addresses the questions of OWS and its relations with the Dems...
But if Occupy Wall Street coalesces into something like a real movement, the Democratic Party may have more difficulty digesting it than the GOP has had with the Tea Party.
After all, a big share of both parties’ campaign funds comes from the Street and corporate board rooms...
Which brings us to the present day. Barack Obama is many things but he is as far from left-wing populism as any Democratic president in modern history. True, he once had the temerity to berate “fat cats” on Wall Street, but that remark was the exception – and subsequently caused him endless problems on the Street.
But the modern Democratic Party is not likely to embrace left-wing populism the way the GOP has embraced – or, more accurately, been forced to embrace – right-wing populism. Just follow the money, and remember history.
Then we're going to have to force the Dems to choose between the lucre and the backers, between coin and the base.
But if the relationship between OWS and the Dems is troubling, the rise of left-wing populism has made the Republicans go totally psycho. Which is a good thing. Krugman
Not long ago a YouTube video of Ms. Warren making an eloquent, down-to-earth case for taxes on the rich went viral. Nothing about what she said was radical — it was no more than a modern riff on Oliver Wendell Holmes’s famous dictum that “Taxes are what we pay for civilized society.”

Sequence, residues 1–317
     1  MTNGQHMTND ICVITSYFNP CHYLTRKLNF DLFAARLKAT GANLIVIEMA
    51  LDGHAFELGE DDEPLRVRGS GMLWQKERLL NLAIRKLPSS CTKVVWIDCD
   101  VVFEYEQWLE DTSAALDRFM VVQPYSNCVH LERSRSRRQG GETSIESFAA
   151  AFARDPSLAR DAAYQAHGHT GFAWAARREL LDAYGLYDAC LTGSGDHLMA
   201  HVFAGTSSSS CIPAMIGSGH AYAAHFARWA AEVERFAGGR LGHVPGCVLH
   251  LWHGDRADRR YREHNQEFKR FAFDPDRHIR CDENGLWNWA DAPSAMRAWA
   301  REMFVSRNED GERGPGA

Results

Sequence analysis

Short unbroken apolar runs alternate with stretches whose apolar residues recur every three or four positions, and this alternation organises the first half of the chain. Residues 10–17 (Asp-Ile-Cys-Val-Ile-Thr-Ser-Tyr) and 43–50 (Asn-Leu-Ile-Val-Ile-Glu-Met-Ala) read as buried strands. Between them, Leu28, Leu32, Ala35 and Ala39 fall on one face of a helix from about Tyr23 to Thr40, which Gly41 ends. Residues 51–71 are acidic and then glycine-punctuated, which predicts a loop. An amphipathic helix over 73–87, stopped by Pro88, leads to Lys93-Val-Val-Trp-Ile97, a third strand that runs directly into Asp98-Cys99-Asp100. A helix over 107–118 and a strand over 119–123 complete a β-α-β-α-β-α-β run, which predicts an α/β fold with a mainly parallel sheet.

But listening to the reliable defenders of the wealthy, you’d think that Ms. Warren was the second coming of Leon Trotsky. George Will declared that she has a “collectivist agenda,” that she believes that “individualism is a chimera.” And Rush Limbaugh called her “a parasite who hates her host. Willing to destroy the host while she sucks the life out of it.”
What’s going on here? The answer, surely, is that Wall Street’s Masters of the Universe realize, deep down, how morally indefensible their position is. They’re not John Galt; they’re not even Steve Jobs. They’re people who got rich by peddling complex financial schemes that, far from delivering clear benefits to the American people, helped push us into a crisis whose aftereffects continue to blight the lives of tens of millions of their fellow citizens.
Yet they have paid no price. Their institutions were bailed out by taxpayers, with few strings attached. They continue to benefit from explicit and implicit federal guarantees — basically, they’re still in a game of heads they win, tails taxpayers lose. And they benefit from tax loopholes that in many cases have people with multimillion-dollar incomes paying lower rates than middle-class families.
That last sentence fits right in with the post below, dunnit?
As you know, I'm normally not the sort of blogger who excerpts text while adding no words of his own. But in this case -- what they said
.Added note: Ezra Klein
discovers that the stimulus was mostly tax cuts, and tax cuts don't work tax cuts don't work tax cuts don't work.